c Not statistically significant.

Abbreviations: FREE TIPPS, family/team introductions, recap, events overnight, exam pertinents, tests, impressions, problem-based plan, staff input, summary for family.

Table 2.
Self-Reported Clinical Competencies of Third-Year Osteopathic Medical Students Before and After the Introduction to Clerkship Course by Learning Objective (N=232)
  Image not available

a Mean scores were determined based on students’ responses to a 4-point Likert-type scale: 1, strongly disagree; 2, disagree; 3, agree; and 4, strongly agree.

b All comparisons from before to after the course were statistically significant at P<.05 except Item 1 under Patient Assessment.

c Not statistically significant.

Abbreviations: FREE TIPPS, family/team introductions, recap, events overnight, exam pertinents, tests, impressions, problem-based plan, staff input, summary for family.

×
Evaluation
Participating students were asked to complete pre- and postcourse surveys regarding their comfort level with topics addressed during the course. Surveys were completed immediately before and after the course to encourage high response rates. 
Clinical faculty at all rotation sites were asked to complete an anonymous survey 4 months into the clinical training year. The survey inquired how this cohort of students who participated in the I2C course compared with previous third-year students who had not participated in the I2C course with regard to clinical ability.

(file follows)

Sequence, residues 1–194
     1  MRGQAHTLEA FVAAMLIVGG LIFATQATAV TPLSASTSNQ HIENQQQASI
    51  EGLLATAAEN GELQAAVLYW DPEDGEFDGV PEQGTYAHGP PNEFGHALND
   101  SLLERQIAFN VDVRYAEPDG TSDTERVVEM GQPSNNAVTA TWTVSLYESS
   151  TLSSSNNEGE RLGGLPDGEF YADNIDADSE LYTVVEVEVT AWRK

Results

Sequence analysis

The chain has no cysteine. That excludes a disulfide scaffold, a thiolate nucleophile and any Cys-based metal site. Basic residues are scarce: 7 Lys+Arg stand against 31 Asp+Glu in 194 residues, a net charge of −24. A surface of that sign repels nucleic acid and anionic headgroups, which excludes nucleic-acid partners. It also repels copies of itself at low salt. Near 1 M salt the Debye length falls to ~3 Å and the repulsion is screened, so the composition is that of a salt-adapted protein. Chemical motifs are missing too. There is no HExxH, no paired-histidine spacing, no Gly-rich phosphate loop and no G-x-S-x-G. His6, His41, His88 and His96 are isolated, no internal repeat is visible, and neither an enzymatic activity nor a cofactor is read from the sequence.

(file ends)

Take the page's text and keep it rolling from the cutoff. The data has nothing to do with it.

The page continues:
Three survey instruments were developed: precourse, postcourse, and preceptor surveys. Questionnaire development incorporated recommendations from PCOM's 10-member group of faculty for the I2C, comprising experts in medical education and clinical practice. Questionnaires were delivered online using Survey Monkey through the students’ Blackboard site to all participating third-year medical students and to all third-year clinical preceptors in PCOM's clinical education database. The survey instruments consisted of Likert-type items with opportunities to provide open-ended comments for each section.